The only not-so-good thing about the food in Kashgar, and in Xinjiang in general, is the hygiene... I mean, I told you what it was like at the Sunday Bazaar, but it's pretty damn terrible everywhere. I don't want to harp on about it (lest I actually make myself sick thinking about what I ate...) but I think this next photo is a pretty funny way to wrap up the 'food' recollections of the trip.

They look so angry!!! Hahahahhaha. 

The other thing I noticed, though, is that a lot of what we were eating was kind of almost 'special occasion' foor for the locals. They rarely eat the noodle dish, and don't even have the pilaf that often. Usually they will eat a bagel ripped into pieces, and then dunked into a lamb broth. The broth is served with a big chunk of bone in it, and the rest is a clear, without vegetables or other ingredients. The men
(I barely saw women at all in any of the restaurants) would sit there and nibble off the little bits of meat from the bone, and apart from that jsut have a lot of bread. I have no doubt the broth itself was tasty, but surely the nutritional value of such a meal is nil?

The last thing I absolutely MUST mention is the Uyghur yoghurt. Holy mac, this stuff was the greatest yoghurt I have ever had in my life. Easily. Hands down. And it was 2 kuai. Thats less than 30 cents, people. 

We got a small pot each as dessert after a delicious meal one evening in Kashgar after seeing a big table beside us go crazy over it. They serve it to you in the individual little bowls that it is grown in, and give you a big container of sugar and a spoon. Also served with local tea, of course. The yoghurt tastes so amazing by itself, it hardly needs sugar at all, but when you sprinkle that sweetness on top it just comes alive as a lovely dessert! The sour nature of the yoghurt and then the crunch of those oh-so-sweet sugar granules.... oh boy oh boy. It was a culinary highlight for sure.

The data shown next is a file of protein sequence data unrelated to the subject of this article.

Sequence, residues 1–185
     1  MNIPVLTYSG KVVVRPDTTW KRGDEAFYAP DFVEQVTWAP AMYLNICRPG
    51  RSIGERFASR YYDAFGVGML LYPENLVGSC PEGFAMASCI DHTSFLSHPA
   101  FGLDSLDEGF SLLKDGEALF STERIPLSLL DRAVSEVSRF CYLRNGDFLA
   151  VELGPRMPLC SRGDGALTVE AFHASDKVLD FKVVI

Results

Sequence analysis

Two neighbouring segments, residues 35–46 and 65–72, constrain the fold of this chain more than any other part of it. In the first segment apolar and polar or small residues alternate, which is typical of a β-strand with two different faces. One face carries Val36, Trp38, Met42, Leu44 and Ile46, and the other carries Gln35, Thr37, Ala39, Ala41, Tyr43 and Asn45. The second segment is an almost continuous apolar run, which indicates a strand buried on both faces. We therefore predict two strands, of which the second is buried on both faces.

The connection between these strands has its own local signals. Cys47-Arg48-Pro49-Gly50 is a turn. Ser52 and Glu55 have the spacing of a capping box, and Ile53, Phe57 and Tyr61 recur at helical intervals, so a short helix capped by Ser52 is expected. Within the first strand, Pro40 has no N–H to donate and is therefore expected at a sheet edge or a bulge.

The last truly great discovery was the cookies. Kashgar has great cookies. Little known fact, but it's true. You buy them by weight, and then munch them at will. Totally Awesome.

Anyways, I guess to sum up, the food was much different than what I expected, but totally fulfilled my expectations of how awesome it would be.I did not realise they would have such amazing yoghurt and cookies, though. I thought that the noodles was the numero uno dish, but the pilaf turned out to really be my favourite. 

Their culture really revolves a lot around lamb (the animal) and lamb (the meat) as well as baking and bread. It was really nice to be in a place that wasn't really China, but had that same kind of food-is-an-ingrained-part-of-the-culture vibe. If you live in China, or are planning a trip to China, and you are at all interested in food and/or cooking, then Kashgar (or at least somewhere in Xinjiang) is a must.


  1. cookies?? REAL cookies??!! Those were impossible to find outside of a foreigner's apartment in Lanzhou!! hahaha

    I had a lot of the Xinjiang-style kebobs and noodles in Lanzhou, but sadly, none of that bread you had :(

    You're really making me miss Northwestern food - this kind of stuff simply doesn't exist in the United States....that's one of the saddest things about being home now :(

  2. That spice rub used on the lamb kebabs always has cumin, chilli powder, and salt. Variations on this basic recipe include fennel, garlic, cloves, Sichuan pepper and etc., but the key is the cumin, which is not a spice normally used by the Chinese.